New investment options for Pension Funds? Let’s walk the talk Minister!

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The press has of late been awash with news about government coming up with some initiatives to help protect the Pensions and Insurance Industry. Some of the proposals relate to an introduction of a  ‘…number of derivatives and investments assets by the end of the first quarter, which will help soften pension funds skewed investments in the equities market and property sector’ and permission to invest offshore. On paper this looks fair and dandy! Digging deeper however exposes serious flaws with these so called proposals: For starters, it’s not the prerogative of the government nor the Minister (we know he likes these fancy products) to come up with or introduce new products. The industry is awash with talent and the required expertise can be harnessed to come up with these products. All government has to do is create that conducive environment and as they say the rest will follow. An example is the Prescribed Asset debate. Government should be asking themselves why they have not been able to raise funds in the required areas, and work to fix those disincentives, before considering measures such as Prescribed Assets. The appetite is indeed there for well-conceived public investment programmes. Secondly and more importantly, Pension Funds already own some offshore assets like Nedbank, Quilter, SeedCo International, etc. If government really means well, they should start by allowing holders of these assets to sell them and keep the proceeds offshore or reinvest in any other assets of their choice. At the moment all proceeds from these assets, including dividends, are required to be remitted back home. In conclusion, we think this is just a token approval. Where will the money to invest offshore come from? We need YUWESI for investments outside the country! Should we start with the list of critical items needing hard currency?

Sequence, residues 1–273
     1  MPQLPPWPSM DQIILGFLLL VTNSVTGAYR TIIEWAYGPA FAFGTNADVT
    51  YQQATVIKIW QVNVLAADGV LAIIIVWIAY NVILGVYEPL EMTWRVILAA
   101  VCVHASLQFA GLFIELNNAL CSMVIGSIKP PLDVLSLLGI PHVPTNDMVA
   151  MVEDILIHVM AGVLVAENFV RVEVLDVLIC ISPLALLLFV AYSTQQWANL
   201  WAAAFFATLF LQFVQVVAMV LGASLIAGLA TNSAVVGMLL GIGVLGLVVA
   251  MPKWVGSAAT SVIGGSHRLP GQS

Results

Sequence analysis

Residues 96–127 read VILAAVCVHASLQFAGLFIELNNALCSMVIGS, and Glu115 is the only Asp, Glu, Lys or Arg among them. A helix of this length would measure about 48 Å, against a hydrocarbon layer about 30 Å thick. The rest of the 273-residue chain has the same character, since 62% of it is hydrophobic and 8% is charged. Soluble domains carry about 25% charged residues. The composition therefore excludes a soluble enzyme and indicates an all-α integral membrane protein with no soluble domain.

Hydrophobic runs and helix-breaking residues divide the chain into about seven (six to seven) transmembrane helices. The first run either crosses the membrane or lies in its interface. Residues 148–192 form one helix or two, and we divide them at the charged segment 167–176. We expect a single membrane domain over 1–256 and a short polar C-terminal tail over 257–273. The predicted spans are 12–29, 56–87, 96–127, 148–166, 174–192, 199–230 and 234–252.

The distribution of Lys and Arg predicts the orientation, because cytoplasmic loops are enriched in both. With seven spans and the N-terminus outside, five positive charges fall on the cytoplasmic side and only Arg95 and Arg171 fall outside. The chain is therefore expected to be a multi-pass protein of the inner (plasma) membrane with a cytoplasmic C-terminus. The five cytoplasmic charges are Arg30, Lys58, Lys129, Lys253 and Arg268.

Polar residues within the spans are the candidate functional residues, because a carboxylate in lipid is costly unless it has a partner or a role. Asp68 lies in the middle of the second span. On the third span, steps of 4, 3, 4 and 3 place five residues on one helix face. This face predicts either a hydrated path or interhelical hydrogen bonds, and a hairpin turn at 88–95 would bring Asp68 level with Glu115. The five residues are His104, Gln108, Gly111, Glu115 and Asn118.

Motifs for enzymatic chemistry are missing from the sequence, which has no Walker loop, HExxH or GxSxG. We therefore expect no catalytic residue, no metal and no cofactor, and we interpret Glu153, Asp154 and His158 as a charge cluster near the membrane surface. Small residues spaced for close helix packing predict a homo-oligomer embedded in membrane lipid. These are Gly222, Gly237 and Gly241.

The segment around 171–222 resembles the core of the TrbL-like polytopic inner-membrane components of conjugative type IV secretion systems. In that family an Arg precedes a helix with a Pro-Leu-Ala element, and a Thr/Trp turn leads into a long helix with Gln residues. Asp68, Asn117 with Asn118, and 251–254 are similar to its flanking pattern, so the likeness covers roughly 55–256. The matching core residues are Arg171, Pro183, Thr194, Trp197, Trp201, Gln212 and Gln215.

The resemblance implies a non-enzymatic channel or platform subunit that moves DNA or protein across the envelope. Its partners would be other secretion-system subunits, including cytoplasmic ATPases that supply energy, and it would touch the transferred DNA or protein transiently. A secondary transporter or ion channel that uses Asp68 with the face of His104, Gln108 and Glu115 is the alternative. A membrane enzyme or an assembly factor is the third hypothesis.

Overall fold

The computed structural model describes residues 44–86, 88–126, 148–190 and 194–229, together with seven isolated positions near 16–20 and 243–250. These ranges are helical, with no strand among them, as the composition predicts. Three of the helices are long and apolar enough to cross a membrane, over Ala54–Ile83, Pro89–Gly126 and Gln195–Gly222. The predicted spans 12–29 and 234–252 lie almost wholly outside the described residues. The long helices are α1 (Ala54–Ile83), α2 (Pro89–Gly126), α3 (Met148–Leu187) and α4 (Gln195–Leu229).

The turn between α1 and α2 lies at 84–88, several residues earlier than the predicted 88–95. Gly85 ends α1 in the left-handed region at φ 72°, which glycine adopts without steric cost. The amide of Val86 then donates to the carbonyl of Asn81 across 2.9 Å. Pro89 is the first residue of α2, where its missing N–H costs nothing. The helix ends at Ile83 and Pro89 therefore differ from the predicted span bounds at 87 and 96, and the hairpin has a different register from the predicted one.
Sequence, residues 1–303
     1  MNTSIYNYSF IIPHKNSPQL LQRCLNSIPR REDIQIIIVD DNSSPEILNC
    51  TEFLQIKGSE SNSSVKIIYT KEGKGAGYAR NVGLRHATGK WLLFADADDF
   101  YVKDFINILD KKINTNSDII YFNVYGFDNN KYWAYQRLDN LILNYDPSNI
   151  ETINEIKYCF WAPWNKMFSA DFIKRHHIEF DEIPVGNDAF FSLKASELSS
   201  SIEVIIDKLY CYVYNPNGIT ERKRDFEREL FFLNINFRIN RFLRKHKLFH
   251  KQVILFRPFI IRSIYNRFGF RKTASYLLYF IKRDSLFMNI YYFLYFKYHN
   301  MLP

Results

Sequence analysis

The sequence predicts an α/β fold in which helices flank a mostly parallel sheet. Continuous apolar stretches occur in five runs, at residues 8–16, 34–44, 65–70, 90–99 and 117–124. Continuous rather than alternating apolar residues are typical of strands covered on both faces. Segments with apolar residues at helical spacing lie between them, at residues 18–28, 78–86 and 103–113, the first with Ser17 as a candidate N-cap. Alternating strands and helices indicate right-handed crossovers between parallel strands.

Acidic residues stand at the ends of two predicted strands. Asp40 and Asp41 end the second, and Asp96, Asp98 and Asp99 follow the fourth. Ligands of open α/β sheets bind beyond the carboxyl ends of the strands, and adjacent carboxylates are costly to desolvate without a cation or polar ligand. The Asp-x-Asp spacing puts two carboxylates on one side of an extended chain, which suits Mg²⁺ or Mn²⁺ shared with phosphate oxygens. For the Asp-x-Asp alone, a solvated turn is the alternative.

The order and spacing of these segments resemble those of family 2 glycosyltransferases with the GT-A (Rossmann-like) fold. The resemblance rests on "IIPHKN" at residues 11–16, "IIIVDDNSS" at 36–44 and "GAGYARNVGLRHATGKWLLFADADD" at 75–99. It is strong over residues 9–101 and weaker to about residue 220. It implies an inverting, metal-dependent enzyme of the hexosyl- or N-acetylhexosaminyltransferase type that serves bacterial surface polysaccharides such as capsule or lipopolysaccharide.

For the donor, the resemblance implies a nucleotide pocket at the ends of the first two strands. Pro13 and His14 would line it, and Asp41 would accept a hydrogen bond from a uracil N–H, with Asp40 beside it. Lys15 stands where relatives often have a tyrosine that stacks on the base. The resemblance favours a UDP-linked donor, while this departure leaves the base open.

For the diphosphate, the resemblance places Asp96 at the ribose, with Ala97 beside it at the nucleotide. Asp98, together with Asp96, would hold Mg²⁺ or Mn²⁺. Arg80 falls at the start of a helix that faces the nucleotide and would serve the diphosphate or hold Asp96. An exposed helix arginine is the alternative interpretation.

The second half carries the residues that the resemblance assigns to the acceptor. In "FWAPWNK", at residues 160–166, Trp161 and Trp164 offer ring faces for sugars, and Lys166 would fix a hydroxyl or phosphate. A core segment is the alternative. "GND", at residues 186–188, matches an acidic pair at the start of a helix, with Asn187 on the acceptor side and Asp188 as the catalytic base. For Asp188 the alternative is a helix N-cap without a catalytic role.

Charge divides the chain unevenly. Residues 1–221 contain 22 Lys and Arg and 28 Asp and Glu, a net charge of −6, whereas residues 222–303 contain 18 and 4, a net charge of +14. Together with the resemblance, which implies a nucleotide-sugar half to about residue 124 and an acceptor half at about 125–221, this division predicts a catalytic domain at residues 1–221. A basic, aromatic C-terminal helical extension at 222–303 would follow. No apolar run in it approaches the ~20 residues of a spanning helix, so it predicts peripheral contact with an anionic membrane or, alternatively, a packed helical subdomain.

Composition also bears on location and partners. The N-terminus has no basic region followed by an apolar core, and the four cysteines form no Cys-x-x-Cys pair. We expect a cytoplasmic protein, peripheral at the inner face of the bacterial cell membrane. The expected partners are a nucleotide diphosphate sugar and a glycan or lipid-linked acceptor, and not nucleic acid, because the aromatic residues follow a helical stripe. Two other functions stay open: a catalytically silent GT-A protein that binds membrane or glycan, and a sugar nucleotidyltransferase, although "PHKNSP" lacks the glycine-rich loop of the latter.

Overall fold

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We are a team of independent analysts whose primary focus is research into the Zimbabwean parallel markets as well as the stock market. We strive to bring you the most accurate rates in the market and our independence means we have no bias on these rates. You need to make your business decisions and we strive to be your best source of information.


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The Lingo


The ‘Old Mutual Implied Rate’ is a comparison between the Old Mutual share price on the London stock exchange / the Johannesburg stock exchange and the Zimbabwe stock exchange. Effectively RTGS is valued at 1:1 with the USD, but this difference in share price gives us the implied countries exchange rate.


Real-time gross settlement systems (RTGS) is a funds transfer system where money transfer takes place from one bank to another on a “real time” basis and “gross” basis. Settlement in the “real time” means that the transaction happens almost immediately.


The Zimbabwe Bond Note is a surrogate currency issued by the Reserve Bank of Zimbabwe. This was originally issued against a loan facility from the African Export-Import Bank. The Bond Note is officially 1:1 however the market seems to have significantly discounted the value of the Bond Note.


The symbol ZAR is the currency abbreviation for the South African rand.